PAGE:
Steel Wool Photography Examples
Here are eight of my finest steel wool photos:
ISO 100, Aperture 3.5 and Shutter Speed 10 seconds
ISO 100, Aperture 3.5 and Shutter Speed 6 seconds
ISO 100, Aperture 3.5 and Shutter Speed 13 seconds
ISO 100, Aperture 3.5 and Shutter Speed 10 seconds
ISO 100, Aperture 7.1 and Shutter Speed 30 seconds
ISO 100, Aperture 9 and Shutter Speed 25 seconds
ISO 100, Aperture 8 and Shutter Speed 10 seconds
ISO 100, Aperture 3.5 and Shutter Speed 13 seconds
Tools and safety
The steel wool device is the main tool used and is comprised of four different components; steel wool, toilet paper, metal whisk and a dog lead which needs to be assembled.
Steel wool is a bundle of thin steel wire normally used as a metal sponge for cleaning/polishing which creates the sparks that are captured in a photo. It can be purchased in your local hardware store, supermarket or on the internet. It is available in many grades but the finer grades work better. The grades are labelled in either words or numbers. Purchase the finest grade available to you. The finest grade of steel wool is labelled in words as ‘finest’ or in numbers as ‘0000’.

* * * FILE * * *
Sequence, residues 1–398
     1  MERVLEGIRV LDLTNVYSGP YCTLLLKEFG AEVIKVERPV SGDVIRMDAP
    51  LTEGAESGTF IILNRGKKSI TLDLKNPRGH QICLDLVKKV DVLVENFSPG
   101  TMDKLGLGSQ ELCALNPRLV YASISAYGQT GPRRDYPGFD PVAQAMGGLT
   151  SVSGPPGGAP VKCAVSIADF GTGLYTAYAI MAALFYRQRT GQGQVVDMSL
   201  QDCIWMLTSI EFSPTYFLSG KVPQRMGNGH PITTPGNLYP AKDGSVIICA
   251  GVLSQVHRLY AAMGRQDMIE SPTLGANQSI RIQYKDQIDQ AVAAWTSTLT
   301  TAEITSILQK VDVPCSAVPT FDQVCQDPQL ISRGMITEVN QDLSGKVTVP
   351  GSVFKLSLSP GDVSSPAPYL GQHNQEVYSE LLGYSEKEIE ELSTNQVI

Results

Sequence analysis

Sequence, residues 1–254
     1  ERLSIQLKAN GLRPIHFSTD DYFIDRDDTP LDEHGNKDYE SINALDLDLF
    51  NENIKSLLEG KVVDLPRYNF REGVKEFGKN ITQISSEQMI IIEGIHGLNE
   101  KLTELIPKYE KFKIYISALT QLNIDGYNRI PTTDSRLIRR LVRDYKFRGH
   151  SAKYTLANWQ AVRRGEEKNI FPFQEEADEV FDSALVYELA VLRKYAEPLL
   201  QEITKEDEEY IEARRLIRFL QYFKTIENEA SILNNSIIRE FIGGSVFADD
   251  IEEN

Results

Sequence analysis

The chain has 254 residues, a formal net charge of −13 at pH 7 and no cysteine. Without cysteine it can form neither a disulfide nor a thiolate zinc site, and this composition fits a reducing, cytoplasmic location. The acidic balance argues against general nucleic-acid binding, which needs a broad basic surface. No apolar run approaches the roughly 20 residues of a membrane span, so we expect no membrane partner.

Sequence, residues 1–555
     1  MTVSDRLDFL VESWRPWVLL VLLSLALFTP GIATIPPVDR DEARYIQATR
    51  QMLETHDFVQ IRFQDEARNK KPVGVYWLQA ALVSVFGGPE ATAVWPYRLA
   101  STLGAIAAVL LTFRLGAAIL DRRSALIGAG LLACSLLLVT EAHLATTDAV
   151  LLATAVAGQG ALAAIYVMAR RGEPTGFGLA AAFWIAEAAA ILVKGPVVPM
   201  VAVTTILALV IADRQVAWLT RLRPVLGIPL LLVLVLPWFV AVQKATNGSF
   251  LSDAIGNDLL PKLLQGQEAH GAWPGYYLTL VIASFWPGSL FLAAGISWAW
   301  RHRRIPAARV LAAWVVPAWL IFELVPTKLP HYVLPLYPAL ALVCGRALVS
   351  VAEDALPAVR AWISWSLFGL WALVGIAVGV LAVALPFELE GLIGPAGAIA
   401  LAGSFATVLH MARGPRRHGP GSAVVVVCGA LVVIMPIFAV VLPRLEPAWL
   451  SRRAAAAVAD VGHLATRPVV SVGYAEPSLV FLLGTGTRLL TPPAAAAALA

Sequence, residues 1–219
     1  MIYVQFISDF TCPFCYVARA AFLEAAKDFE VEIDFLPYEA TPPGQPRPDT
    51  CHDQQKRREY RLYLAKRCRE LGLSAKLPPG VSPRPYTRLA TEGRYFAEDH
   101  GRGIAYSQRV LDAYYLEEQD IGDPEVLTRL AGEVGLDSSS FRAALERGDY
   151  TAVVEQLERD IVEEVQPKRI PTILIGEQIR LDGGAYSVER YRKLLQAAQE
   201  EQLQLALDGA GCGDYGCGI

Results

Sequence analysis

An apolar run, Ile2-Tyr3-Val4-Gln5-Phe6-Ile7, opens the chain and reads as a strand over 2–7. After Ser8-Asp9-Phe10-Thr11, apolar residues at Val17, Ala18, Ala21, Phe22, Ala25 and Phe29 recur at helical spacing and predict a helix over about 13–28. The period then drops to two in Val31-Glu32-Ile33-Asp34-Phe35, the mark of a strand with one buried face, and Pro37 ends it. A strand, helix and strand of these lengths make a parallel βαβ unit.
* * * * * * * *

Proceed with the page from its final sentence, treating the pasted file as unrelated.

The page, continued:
A metal whisk holds the steel wool and the gaps allow the steel wool to fly out. Two imperative characteristics it should have are; it must be metal and it must have a loop at the end of the handle for a dog lead to be attached to it.
A dog lead needs to be attached to the bottom of the whisk to enable you to swing the steel wool device around. Alternatively you could use something else such as a lanyard, rope or chain. However, a dog lead is recommended because on one end it has a clasp making it easy to attach to the whisk and on the other end it has a handle which is convenient to hold.